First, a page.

To help prepare you for the flu this season, CDC answers some of your most important questions about special considerations for cancer patients and survivors for seasonal flu and 2009 H1N1 flu.

Here is their link http://www.cdc.gov/cancer/flu/#1

Exercises and School

Wednesday, November 25, 2009

Yesterday I put together and started my exercise program for my feet. After doing some of the stretching exercise, I realise that my calves are extremely tight ... likely from the lack of activity on my part for the last eight to ten months. The exercises include ... picking up a tea towel with my toes and rolling my foot over a frozen water bottle. These two seem to benefit me the most when I do them in the morning.

As well as stretching my calves and feet, I’ve also been doing stretching exercises for my arms. Can I tell you ... I am so out of shape. I walk like someone who is 105 years old ... but I’m going to stretch all those weary muscles out and get in better shape. I only hope that Xeloda works because so far it is a very manageable chemotherapy.

Last night in class, we were working in small groups. One of the girls coughed and another said,”Bless you.” Then she said, “Oh bless you is for a sneeze ... what do we say for a cough?” I said, “Hope you don’t give me swine flu.” We all had a good chuckle. Now... there are only three classes left before I graduate.

Posed in the window on a Triumph motorcycle

Toronto is a beautiful city. There's no doubt about it.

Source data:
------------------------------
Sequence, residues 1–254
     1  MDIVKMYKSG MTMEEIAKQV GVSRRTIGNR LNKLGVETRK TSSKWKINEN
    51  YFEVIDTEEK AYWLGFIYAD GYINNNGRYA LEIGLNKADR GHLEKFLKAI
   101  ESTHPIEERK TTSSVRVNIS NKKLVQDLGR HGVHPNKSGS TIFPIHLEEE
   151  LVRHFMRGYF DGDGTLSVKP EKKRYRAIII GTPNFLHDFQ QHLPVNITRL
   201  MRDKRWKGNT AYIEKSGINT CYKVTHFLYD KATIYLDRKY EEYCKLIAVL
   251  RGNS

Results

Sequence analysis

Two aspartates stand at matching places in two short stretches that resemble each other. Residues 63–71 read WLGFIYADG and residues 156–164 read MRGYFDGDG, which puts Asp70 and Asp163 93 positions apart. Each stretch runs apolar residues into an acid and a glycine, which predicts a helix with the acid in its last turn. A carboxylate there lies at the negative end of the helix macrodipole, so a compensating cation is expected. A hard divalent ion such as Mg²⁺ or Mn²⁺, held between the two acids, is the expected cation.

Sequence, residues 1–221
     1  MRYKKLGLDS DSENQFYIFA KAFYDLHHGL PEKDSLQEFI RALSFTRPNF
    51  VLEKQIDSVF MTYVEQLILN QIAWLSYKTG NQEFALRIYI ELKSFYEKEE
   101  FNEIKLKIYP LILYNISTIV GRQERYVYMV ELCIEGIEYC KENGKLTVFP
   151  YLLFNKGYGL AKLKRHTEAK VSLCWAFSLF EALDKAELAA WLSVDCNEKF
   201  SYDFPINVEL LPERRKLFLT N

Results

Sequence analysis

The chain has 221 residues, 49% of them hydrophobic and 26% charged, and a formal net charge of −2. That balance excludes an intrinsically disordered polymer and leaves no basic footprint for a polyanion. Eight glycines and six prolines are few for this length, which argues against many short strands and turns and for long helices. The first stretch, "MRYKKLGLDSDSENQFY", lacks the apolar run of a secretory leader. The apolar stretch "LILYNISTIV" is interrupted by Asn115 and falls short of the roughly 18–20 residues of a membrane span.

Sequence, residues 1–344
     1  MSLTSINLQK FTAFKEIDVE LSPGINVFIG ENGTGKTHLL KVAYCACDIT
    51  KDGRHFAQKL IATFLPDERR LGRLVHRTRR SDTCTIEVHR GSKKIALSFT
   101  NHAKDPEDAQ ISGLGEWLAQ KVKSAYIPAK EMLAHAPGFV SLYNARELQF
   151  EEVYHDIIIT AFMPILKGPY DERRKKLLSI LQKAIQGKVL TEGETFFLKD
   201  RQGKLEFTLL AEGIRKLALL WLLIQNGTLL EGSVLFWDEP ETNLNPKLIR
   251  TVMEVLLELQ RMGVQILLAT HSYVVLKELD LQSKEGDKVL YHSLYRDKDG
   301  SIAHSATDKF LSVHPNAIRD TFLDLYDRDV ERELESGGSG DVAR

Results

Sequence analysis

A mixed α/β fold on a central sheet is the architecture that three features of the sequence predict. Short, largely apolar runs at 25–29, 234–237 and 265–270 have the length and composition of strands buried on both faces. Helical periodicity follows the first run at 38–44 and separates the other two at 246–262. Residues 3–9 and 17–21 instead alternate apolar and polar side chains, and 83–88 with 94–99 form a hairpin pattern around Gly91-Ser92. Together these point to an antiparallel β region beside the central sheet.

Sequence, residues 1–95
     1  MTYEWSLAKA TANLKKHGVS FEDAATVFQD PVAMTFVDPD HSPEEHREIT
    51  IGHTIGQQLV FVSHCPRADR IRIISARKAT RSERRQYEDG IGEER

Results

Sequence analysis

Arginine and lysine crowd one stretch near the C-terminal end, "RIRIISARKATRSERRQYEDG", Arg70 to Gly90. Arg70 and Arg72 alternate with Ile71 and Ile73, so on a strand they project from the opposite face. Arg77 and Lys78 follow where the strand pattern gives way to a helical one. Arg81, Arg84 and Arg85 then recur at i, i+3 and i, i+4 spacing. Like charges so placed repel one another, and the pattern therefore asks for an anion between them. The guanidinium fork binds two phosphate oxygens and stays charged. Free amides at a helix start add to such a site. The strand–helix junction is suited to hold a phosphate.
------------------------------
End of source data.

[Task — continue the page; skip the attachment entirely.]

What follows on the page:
It's essence brightly burned an unidentified, distinguished colour this third of October, despite the title of the extraordinary event which takes place. Nuit Blanche is an "all night contemporary art-thing" sprawled across the wide girth of the city, rocking its shit from sundown until dawn.

Originating in Paris, the concept quickly caught fire and spread around the globe to art-avaricious insomniacs alike. Toronto swallowed it without chewing and banged it's fork on the table for more. Celebrating the fourth year of a wondrous pastiche of ephemeral brainchildren on display for the city to soak in and do with as seen fit. Art installations from technology-based mediums to live performance pieces are born and die together. It's a night I always look forward to.

This year, I was fortunate to be a part of a project for the beginning of the evening until two in the morning. Although, it wasn't exactly easy for me. I posed as a model for racy life-drawing sessions for my first time clad in attire attributing the Suicide Girls/Fight Club photo shoot. We froze both for artists, and sight-seeing pedestrians of the night. In my favourite pair of baggy DKNY blue jeans, bare feet, black nail polish, lathered in oil, with an old orange Brownies bandanna, fake tats, a lip ring...and that's it. To accent the aesthetic were two experienced spontaneous Shibari rope-riggers creating designs around our exposed torsos throughout the evening.

I'm a burlesque dancer, very much because of my love to entertain. I adore the human form. It is by far one of the most mind-blowing creations next to underwater caverns, beehives, chocolate and jazz music. I love to celebrate my shape in the midst of an awkward scene between Batman and Robin, after their love has been unmasked and Marvin Gaye's vocals swell onstage.

However, standing still in tableau half-naked without pasties in front of a crowd of discerning individuals even pushes my level of comfort. Some say the line grows very fine, and my judgement a tad pedantic, but whatever I feel is personal and defined by my own rules; I believe in that. In fact, I'm quite shy. My persona is a supa skank, and she loves every minute of it. It comes from a place inside of me, but like any character, it is an embellished extension of a mere aspect of myself. Without theatrics, I feel much more exposed.